In passing laws, Congress focuses on policy outcomes and pays scant attention to the difficulties that administrative agencies will face in implementing the measures. Further, Congress frequently imposes deadlines for issuance of implementing rules that are impossible for the agencies to meet. The regulatory agencies charged with implementing the Dodd-Frank financial reform legislation are currently struggling with this problem. The statutory requirements for issuance on short notice of hundreds of rules has inundated their analytical and policy formulation staffs.
A new study by the Davis Polk law firm has revealed the problems the financial regulatory agencies face. In April 2011, the regulatory agencies were required to issue 26 rules to implement Dodd-Frank. They missed every deadline. The agencies broke down on what Davis Polk calls the "Comment Mountain"--the review by the policy making staffs of an avalanche of sophisticated comments, in order to determine the optimum method of regulation and to develop the optimum basis for defending the rule against anticipated legal challenges. The problem will only get worse.
Dodd-Frank requires ten agencies to issue another 108 rules on July 21. Since the regulatory staffs already are well behind schedule, they will be able to keep up when their workload quadruples in this quarter. Moreover, the regulatory burdens are not spread evenly. Davis Polk calculates that the Securities and Exchange Commission faces deadlines to issue 45 rules during the third quarter, and the Commodities Futures Trading Commission must issue 33 rules. For comparative purposes, in the 18 months prior to passage of the law, the CFTC never had more than four proposed rules outstanding at any time. Since Congress did not give the regulatory agencies either the time or the resources necessary to expand their analytical capacity, their policy offices are now completely swamped and will require an extended period to recover.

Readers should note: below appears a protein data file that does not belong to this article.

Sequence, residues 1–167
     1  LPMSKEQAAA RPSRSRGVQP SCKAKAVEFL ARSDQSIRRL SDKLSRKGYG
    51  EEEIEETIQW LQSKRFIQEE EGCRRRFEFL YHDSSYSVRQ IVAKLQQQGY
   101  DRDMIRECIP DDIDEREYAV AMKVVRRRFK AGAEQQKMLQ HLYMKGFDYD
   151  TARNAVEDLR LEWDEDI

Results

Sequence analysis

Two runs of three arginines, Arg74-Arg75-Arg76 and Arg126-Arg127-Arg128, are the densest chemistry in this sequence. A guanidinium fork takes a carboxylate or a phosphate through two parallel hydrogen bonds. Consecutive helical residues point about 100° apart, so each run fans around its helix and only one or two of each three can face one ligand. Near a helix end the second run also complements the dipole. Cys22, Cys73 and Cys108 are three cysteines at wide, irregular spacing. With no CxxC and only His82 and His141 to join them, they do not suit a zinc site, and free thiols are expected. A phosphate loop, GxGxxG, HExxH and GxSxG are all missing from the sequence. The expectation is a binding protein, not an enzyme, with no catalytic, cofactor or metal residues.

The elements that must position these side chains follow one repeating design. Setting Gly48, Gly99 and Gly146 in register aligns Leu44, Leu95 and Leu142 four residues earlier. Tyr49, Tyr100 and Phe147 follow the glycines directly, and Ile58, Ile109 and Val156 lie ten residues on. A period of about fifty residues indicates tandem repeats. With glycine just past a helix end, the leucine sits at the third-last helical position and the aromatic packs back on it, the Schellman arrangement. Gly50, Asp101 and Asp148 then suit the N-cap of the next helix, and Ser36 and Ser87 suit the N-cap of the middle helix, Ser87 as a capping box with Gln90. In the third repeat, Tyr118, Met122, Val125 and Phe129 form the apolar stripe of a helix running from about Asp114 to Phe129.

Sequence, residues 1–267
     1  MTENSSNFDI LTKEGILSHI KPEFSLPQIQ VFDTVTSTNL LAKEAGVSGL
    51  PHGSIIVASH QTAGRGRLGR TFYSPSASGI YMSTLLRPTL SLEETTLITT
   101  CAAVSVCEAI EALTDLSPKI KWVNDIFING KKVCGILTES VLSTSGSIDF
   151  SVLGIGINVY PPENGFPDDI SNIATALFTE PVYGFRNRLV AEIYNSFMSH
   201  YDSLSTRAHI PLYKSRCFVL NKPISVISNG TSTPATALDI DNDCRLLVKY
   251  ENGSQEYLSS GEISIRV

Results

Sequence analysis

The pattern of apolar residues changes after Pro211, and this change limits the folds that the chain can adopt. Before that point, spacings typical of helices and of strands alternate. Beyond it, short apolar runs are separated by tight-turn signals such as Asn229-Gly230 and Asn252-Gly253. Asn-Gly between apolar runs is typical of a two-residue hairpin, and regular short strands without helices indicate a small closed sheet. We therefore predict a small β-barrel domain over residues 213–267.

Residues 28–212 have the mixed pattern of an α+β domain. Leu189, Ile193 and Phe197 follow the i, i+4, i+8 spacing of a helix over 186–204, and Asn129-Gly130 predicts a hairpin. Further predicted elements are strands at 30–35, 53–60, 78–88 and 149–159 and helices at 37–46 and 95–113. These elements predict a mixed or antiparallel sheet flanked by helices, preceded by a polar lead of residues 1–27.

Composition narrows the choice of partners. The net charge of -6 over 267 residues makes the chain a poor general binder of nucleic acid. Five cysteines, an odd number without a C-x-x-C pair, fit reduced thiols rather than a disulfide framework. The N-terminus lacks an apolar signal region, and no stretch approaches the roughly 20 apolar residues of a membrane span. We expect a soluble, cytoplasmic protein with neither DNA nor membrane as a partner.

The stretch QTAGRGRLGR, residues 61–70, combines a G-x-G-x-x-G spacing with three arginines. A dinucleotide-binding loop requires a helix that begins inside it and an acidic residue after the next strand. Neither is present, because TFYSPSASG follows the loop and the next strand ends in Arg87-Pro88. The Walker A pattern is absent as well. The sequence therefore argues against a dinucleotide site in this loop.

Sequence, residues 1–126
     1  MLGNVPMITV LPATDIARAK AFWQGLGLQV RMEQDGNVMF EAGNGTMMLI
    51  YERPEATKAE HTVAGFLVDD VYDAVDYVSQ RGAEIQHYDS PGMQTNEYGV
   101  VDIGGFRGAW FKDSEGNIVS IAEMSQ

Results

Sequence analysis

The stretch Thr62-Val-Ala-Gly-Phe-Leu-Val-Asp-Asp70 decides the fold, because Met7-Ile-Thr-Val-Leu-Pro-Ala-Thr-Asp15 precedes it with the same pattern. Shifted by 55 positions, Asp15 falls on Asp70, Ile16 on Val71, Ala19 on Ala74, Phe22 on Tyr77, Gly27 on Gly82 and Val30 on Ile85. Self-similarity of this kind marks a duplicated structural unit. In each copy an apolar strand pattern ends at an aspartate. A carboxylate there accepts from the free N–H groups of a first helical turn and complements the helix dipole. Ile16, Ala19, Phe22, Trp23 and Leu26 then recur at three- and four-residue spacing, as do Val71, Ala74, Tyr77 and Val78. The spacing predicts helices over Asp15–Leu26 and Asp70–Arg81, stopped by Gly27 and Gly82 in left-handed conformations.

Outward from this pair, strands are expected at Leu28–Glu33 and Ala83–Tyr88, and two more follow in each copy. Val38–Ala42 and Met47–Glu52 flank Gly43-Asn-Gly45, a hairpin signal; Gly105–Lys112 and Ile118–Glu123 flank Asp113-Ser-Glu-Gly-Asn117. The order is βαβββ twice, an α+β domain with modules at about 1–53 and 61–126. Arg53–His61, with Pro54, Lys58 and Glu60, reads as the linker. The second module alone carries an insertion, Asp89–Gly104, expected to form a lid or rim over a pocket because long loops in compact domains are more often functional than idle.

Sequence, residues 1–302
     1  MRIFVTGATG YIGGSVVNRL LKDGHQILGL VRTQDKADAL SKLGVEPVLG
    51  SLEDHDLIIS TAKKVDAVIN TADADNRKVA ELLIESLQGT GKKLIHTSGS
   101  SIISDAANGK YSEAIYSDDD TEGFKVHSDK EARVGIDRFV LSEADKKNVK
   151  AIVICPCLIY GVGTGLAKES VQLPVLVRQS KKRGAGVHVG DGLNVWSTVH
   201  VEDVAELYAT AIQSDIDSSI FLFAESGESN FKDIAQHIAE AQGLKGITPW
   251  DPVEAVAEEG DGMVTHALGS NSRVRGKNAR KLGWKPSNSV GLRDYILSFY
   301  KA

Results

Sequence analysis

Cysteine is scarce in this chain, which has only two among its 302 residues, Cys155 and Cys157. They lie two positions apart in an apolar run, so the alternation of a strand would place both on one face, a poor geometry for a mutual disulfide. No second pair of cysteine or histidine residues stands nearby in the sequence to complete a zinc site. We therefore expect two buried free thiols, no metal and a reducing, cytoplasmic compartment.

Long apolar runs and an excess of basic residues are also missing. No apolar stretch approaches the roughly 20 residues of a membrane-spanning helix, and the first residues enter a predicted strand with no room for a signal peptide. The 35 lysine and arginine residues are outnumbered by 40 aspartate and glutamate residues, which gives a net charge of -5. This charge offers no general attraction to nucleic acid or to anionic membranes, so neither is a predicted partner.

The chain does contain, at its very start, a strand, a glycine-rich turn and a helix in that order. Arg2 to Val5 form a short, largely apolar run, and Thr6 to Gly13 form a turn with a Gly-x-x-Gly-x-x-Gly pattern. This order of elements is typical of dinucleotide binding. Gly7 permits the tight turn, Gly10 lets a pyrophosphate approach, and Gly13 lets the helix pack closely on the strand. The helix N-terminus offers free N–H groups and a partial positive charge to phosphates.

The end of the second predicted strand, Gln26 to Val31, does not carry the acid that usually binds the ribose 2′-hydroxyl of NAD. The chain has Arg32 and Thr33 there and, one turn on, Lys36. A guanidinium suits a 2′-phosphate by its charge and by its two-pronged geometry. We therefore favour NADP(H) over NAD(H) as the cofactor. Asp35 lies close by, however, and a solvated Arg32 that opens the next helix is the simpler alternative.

The general rule is that, unless Congress has provided a fallback provision that automatically goes into effect, there is no immediate consequence if an agency fails to meet a rulemaking deadline. An affected entity may sue the agency for its inaction, and the court may issue an injunction that requires the agency to act by a date that is feasible for issuance of the rule. Some provisions of Dodd-Frank, however, give rights to private parties as of the deadline and direct regulated entities to observe those rights pursuant to agency rules. Awkward situations will arise if the rules are not promulgated in time for financial firms to revamp their business processes before the date that private rights vest.
The situation facing the Consumer Financial Protection Bureau adds another layer of complexity. That agency, which will come to life on July 21, has great discretionary rulemaking authority concerning both the substantive terms of financial instruments and their marketing to consumers. The CFPB cannot issue rules without a director who has been formally appointed to the position, but the administration has not acted for fear of a confirmation fight and to maintain treasury's control over the agency's initial policy initiatives. The president soon will have to make a recess appointment, which assures that the first rules issued by the CFPB will generate institutional, as well as policy and political, disputes.
In sum, financial agency regulatory staffs will struggle for years with the consequences of Congress' lack of understanding of the administrative steps necessary to carry out one of the most significant pieces of legislation adopted in recent years.
John F. Cooney is a partner in the Washington, D.C., office of Venable.
Read John Cooney's previous column.